As I’ve been working on this piece, I realized how much the online business space could be read in this same way. To be clear, I’m describing the loose industry of service providers, information marketers, and coaches/consultants that operates online rather than a cycle in an individual business. Most businesses will have their ups and downs. But the market as a whole has followed a remarkable boom and bust cycle of its own over the last decade-plus.
When I started in 2009, it was near the peak of the affiliate marketing and blog advertising boom. So much so that the experience of using the internet was beginning to suffer. No Federal Reserve stepped in to try to correct the market—but Google and Amazon did. The advertising market crashed, and affiliate marketing was no longer an “easy” play. Early internet entrepreneurs went back to the drawing board.
By 2012, “launching” was the new boom. At first, people were making money launching their own products. But in no time, people were launching products about launching. Once enough people learned how launching works, consumers became skeptical, and it was harder to extract profit through launching. So the newly minted launch experts and those who had built their entire marketing strategy around launching needed to pivot.
By 2015, high-end courses were all the rage and making people loads of money. By 2017, people were asking whether high-end courses were over. By 2019, membership sites, communities, and masterminds were the ticket. And by mid-2021, those offerings were spent, and “cohort-based courses” became the new way to make money.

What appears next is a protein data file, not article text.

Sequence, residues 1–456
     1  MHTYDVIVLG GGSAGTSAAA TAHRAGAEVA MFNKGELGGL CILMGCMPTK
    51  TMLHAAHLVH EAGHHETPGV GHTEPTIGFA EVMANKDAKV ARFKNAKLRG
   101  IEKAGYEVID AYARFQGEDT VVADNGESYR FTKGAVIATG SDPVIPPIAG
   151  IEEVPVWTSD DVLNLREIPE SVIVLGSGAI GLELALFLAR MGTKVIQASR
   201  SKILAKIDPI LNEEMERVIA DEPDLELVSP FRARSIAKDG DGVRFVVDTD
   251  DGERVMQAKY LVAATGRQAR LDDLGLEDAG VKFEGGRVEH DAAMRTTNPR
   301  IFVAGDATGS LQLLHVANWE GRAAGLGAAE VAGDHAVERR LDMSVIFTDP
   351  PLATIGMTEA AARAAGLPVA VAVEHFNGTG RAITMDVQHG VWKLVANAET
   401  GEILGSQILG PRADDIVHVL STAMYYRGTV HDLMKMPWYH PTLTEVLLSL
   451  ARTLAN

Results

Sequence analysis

Someone recently asked me when the online course market was going to return to normal.
My answer was that it’s not going to. That’s not to say someone can’t make money with an online course today. I mean that whatever fuels the next expansion phase of the online business space will be a different kind of product or tactic. People will experiment with new ways to exploit the market until someone lands on a quote-unquote no-fail strategy. The people who pick up on it early will make bank. The people who pick up on it toward the peak will likely lose a lot of money in the crash.
I don’t begrudge anyone the opportunity to make money. And I’m not going to suggest that the people surfing the wave of each boom and bust in the online space had some nefarious scheme in mind. I genuinely don’t believe that’s the case.
However, just as companies unquestioningly make decisions based on profit and growth, online business owners unquestioningly make decisions on profit and growth. If one way of making money begins to offer diminishing returns, then whatever way of making money seems to be “working” must be the next thing to do. We always look for ways to extract more value from the system rather than constructing business structures based on stability or sustainability. We don’t mean to be an invasive species online—but that’s the role we find ourselves in repeatedly.